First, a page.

Bottom line, OCTANE is not the only reason you might want to buy premium fuel.
 

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1992 Town Car Cartier & 2014 Accord LX MTX
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I ran 87 octane in my LT1 Roadmaster, It ran great
 

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94 Fleetwood Brougham
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Discussion Starter #8
My primary reason right now, is to validate the claims of better fuel economy (through cleaning deposits). But initially it does seem to run good, nice crisp throttle. Can't say it is in there long enough to clean anything yet. Heck, could be the pstop hp increase. (psycological seat of the pants)

After talking to my local station where I consistently buy fuel, they said there is 3 grades of each octane of fuel. Which depends on where it is in the tank in the ground. Lower in tank is cheaper, but often picks up more dirt/sediment. The name brands get the top, or should. If you carry a name brand, you have to buy x% of the fuel from the actual name brand, the rest can come from wherever you want.

So, if I am buying "VPower", am I really getting it? No way to know.



http://www.shell.com/home/Framework?siteId=us-en&FC2=/us-en/html/iwgen/shell_for_motorists/fuels/v-power/zzz_lhn.html&FC3=/us-en/tailored/shell_for_motorists/fuels/optimax/optimax_about_ga_1602.html

I~LUV~Caddys8792 said:
I ran 87 octane in my LT1 Roadmaster, It ran great
I have been running 87 octane from only a small handful of stations for the last 9 months. No issues. I try to keep it with ethanol or without for long periods at a time. Trying to keep that variable tamed as best I can. Once in a while I run 89 octane, only because Road Ranger stations have that as the low octane fuel. Same price as everyone else has 87 octane.

Well, we will see how it goes for a month or 2 at 93 VPower and see what I can come up with for mpg #'s. And see if it really matters in my car.

I eventually want to use LT1 Edit or Tunercat to mess with my programming. Mainly for efficiency, not all out power.
 

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There is another factor to consider in addition to those already discussed here :

Many years ago, I had a boat with an outboard motor. OMC, the maker of Johnson & Evinrude outboards put out a bulletin advising all owners of their motors to use only a good quality premium gasoline (even tho the CR of most of their lower HP machines were such that they could almost run on kerosene in third world countries). The reasoning was that the better grade fuels had fewer additives that might crud up the engine (both before combustion and after); they tend to break down and lose their qualities more slowly; and they were less likely to turn to varnish and gum up the carb or injectors.

These factors would be of particularly concern to those that may not drive their vehicles regularly, as is the case with many of the pre 90's vehicles which are kept as vintage or collector cars.

I have followed OMC's advice, and use the top grade Amoco (now part of BP) which is so clean it doesn't even have a fuel dye in it, in all my lesser machinery such as lawn tractor, etc.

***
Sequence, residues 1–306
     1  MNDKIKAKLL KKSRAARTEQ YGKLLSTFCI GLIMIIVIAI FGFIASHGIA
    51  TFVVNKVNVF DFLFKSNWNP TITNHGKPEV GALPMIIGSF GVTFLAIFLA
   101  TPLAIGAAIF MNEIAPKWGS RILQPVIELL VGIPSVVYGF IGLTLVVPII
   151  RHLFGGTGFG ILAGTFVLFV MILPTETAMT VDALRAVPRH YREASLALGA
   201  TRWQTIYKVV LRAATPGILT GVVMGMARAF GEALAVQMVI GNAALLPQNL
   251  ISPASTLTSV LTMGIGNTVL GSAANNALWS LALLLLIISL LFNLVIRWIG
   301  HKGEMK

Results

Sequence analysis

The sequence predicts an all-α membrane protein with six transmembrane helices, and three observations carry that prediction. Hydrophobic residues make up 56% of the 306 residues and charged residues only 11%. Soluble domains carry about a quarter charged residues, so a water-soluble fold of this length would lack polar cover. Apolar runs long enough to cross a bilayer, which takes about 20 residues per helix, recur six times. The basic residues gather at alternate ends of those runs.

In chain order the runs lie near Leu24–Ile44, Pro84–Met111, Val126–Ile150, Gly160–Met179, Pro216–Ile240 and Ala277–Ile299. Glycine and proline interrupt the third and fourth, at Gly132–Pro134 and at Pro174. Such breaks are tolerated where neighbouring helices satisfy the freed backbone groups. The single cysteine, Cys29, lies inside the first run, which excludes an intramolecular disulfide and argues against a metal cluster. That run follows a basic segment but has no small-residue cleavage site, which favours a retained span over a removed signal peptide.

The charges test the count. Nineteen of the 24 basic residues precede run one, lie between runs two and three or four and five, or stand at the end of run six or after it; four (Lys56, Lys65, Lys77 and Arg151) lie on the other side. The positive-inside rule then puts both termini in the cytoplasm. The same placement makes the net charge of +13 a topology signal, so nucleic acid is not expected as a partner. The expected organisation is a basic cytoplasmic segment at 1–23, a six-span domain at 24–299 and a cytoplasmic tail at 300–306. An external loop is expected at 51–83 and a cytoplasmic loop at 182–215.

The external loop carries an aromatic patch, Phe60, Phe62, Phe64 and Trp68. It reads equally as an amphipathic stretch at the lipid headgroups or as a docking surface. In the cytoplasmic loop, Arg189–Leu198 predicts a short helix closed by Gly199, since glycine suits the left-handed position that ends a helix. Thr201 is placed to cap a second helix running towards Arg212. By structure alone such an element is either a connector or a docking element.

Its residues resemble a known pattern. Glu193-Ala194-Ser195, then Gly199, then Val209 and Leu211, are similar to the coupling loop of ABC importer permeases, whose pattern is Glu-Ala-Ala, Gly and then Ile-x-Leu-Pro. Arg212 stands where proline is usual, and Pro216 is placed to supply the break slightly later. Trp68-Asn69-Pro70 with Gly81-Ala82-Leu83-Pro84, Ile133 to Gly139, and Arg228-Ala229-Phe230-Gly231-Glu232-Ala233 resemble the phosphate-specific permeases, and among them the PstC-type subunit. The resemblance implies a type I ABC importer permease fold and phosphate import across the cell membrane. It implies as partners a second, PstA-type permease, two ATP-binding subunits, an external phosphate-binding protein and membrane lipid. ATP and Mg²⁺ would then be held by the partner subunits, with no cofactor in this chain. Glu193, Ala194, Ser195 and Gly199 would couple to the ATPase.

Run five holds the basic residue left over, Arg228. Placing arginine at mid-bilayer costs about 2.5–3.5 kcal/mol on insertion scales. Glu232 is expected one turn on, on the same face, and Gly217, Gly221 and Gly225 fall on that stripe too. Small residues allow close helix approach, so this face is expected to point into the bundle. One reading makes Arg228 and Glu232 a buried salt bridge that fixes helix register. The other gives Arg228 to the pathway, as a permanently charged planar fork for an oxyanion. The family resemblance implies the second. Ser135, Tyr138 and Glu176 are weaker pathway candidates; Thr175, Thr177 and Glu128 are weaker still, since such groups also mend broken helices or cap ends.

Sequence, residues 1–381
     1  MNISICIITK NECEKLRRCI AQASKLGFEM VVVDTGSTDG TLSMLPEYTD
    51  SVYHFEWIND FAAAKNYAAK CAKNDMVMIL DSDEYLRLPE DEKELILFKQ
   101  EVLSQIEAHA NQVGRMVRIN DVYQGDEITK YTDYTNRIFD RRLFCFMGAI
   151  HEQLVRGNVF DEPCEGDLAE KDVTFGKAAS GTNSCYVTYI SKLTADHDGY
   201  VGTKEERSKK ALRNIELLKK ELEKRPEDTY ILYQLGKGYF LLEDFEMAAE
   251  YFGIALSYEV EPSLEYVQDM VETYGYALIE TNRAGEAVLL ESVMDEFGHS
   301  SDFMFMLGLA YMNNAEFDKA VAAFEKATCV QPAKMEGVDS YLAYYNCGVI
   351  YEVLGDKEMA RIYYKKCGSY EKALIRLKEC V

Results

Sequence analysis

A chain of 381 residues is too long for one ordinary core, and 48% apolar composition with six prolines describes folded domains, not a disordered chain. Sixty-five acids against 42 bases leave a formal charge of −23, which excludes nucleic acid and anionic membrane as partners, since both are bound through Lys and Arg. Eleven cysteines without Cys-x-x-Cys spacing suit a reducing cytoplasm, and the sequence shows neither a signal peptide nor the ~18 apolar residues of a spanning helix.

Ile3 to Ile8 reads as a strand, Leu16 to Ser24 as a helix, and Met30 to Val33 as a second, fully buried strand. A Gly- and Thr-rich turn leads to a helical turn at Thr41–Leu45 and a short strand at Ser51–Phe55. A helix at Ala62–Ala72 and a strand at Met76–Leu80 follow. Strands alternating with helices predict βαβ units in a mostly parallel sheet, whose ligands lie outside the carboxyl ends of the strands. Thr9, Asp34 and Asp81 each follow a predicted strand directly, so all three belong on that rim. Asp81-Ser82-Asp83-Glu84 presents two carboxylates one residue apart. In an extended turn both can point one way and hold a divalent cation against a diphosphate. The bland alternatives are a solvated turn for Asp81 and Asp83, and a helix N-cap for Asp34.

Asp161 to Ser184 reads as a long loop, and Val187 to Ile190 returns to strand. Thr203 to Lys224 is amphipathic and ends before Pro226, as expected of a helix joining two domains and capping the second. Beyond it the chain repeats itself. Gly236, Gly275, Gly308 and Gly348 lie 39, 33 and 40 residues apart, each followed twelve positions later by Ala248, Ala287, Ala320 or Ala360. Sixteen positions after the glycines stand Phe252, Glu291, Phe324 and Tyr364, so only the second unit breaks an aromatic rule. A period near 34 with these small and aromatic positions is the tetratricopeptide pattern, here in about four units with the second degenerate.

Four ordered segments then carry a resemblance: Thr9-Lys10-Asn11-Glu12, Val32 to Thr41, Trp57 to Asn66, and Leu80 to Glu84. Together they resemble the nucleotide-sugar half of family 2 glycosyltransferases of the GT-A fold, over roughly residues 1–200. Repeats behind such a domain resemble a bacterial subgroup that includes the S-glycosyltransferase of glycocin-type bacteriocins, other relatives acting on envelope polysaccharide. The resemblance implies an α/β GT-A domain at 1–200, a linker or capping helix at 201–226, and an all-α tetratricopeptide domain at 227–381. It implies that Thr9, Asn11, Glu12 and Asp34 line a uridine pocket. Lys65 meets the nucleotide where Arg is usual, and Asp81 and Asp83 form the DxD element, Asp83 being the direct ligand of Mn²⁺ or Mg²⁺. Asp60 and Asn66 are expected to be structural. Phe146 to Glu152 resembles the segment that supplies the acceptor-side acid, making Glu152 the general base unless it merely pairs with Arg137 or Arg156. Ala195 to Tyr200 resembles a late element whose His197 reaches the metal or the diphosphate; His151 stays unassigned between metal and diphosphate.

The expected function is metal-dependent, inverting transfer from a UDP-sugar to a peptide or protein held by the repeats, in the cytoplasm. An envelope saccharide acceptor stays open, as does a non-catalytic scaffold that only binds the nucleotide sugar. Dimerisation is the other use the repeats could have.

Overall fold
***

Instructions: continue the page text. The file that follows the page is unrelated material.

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Discussion Starter #10
I have always heard that higher octane burns slower. Now, does that mean, slower as in milliseconds or microseconds slower? Or tenths of seconds?

And, as we do know, there is still crankshaft rotation in ever microsecond, how much DOES this actually make a difference? If the fuel @ 87 octane is completely consumed with the A/F present in say (an arbitrary number) 0.1 seconds. And in 0.10 seconds that crankshaft has moved and the piston is now say 1/4" down in the chamber (a guess here, just numbers). Now we introduce in 93 octane. And it is consumed in 0.15 seconds, and the crank has moved, and the piston is now down 3/8" down in the cyl.

How much does this matter? Is it more efficient to burn longer or shorter? We can get a higher spike of pressure if it burns faster. This theory says it will create a higher force to start moving the piston down and the crankshaft earlier or quicker, but at a weak point for leverage.

But if the design of the engine is short rod/long rod/long stroke/short stroke, etc, which ends up being better for power or efficiency, or even economy?

In theory, it seems that higher octane might be a little easy on the bottom end of the engine. And in theory, might the slower burn allow a long flame to reach more cracks and crevices in the chamber to reach every atom of fuel molocule, thereby reducing emissions and increasing fuel economy due to more BTU's of fuel being burned and exhausted. The longer burn might take more advantage of an increased lever of the crankshaft being moved farther before the burn stops.

Ok, yes, I am sick, I think WAAAYYYY to much on these things.
 

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Longer or shorter isn't as important as the "consistency" of the burn. Lower octane fuels are closer to an explosion which is basically an uncontrolled burn. Whereas the higher octane fuels burn slower and more evenly. The whole point of the burn is to increase cylinder head pressure, right? Well in a perfect world you'd be doing it at a perfectly consistent rate which allows you to predict exactly at which point the piston needs to be at TDC to take advantage of the perfect pressure. This is why ignition timing is SO important. The higher octane fuels just give you the best chance of hitting that "perfect" timing consistently.